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Alaska Arts Southeast is transforming a closed National Historic Landmark college into a multidimensional arts campus, bringing new life to rural Southeast Alaska. In January Roger Schmidt, director of the Sitka Fine Arts Camp, traveled to the Creative Placemaking Summit 2013. ArtPlace spoke with Roger about his key take-aways:

ARTPLACE: Where does this movement go next?  

Roger: For so many years, we as a nation have articulated city building as an economic problem. But research is indicating the need for a broader perspective. Communities are demonstrating the importance of developing arts and cultural resources to add value to cities of all sizes. This not only leads to more vibrant neighborhoods. It strengthens the economy in ways that an agenda of job creation alone cannot. Having identified this additional dimension to community building, the next step for the Creative Placemaking Movement is to make sure this is actually incorporated into city planning. The movement must get the message out about this new strategy. This can be done by sharing the findings of case studies with civic leaders to better inform development action.

ARTPLACE: What ideas did you gain or lessons did you learn that you plan to apply to your initiative?  

Roger: The Creative Placemaking Summit reminded me of the need for our organization to lift our heads up from our day-to-day work and reengage the community on the long term vision of the campus. When plans to revitalize the historic campus began, we often discussed what a great asset it would be to the future of Sitka. However, as we live and breathe the urgent problems of building and repair, we talk less frequently of the longer term vision of the campus. But I have learned these conversations need to continue. We need to reach out to the community, include the community, and find more ways to make the campus relevant and important to the community. We need to let people know that the original inspiration is still the driving force in what we do, and that even as we work to replace roofs and install heating, we invite others to join discussions of the longer term social and economic vision.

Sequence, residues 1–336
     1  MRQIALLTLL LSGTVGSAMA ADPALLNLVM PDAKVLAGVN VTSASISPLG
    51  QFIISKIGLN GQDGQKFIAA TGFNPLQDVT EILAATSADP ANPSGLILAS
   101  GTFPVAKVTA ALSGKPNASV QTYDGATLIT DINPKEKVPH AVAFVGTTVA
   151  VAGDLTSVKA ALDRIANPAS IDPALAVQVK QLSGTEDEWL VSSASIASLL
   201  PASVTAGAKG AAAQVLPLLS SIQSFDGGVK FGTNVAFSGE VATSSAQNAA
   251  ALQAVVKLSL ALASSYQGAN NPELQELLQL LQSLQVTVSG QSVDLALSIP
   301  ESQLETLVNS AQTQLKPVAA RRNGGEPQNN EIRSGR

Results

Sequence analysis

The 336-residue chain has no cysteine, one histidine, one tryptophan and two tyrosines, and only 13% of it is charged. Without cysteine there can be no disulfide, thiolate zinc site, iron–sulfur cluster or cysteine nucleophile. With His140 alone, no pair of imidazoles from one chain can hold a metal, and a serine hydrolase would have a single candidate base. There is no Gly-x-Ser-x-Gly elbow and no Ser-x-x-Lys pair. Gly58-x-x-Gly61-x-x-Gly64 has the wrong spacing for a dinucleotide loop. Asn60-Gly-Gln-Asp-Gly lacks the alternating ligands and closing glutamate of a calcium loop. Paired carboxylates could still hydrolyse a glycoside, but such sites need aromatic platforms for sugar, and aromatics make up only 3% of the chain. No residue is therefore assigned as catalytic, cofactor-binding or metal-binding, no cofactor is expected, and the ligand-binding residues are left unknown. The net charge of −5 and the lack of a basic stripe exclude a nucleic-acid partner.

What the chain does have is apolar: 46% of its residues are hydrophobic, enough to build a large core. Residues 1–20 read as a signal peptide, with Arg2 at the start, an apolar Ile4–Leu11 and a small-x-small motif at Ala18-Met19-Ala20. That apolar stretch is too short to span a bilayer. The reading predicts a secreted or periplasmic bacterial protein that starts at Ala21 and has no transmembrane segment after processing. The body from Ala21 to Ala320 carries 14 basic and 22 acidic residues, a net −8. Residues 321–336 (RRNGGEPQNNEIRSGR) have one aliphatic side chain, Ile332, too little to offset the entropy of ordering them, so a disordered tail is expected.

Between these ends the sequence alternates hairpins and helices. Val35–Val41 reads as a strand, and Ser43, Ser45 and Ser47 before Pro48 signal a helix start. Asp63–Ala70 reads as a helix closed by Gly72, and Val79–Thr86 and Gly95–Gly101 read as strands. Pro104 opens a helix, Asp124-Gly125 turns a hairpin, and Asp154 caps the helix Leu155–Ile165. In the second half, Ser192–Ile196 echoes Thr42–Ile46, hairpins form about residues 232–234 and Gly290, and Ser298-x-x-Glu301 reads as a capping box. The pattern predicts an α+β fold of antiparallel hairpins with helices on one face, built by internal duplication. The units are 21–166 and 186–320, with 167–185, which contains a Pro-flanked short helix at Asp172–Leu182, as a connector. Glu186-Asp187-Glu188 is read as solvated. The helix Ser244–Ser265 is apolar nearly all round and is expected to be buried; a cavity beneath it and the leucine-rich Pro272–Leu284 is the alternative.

ARTPLACE: What did you share about your initiative that was surprising to you or to other participants?  

Roger: Perhaps the most surprising part of our initiative is the sheer scope of it. We have taken on an entire college campus. This is of course both impressive and daunting. Similarly, there is a necessary tabula rasa nature to our project. The campus has had an extremely rich history, but to continue to be valuable and sustainable, the abandoned campus needed to be put to a radically different use. Although the buildings and grounds are a concrete legacy to campus history, partnerships and visions are being written without inherited historical constraints.

ARTPLACE: What new opportunities for your initiative did you identify from conversations with other creative placemakers?

Roger: Listening to the stories of other projects, I felt challenged to make a greater effort toward civic engagement. It is not enough for arts organizations or other nonprofits to believe we are really valuable to the economic and social sectors of the community. If we want to be part of the civic solution, then we need to be part of the forums in place for that. We need to make discussions with mayors and councilmen an established part of our business and organizational practices.

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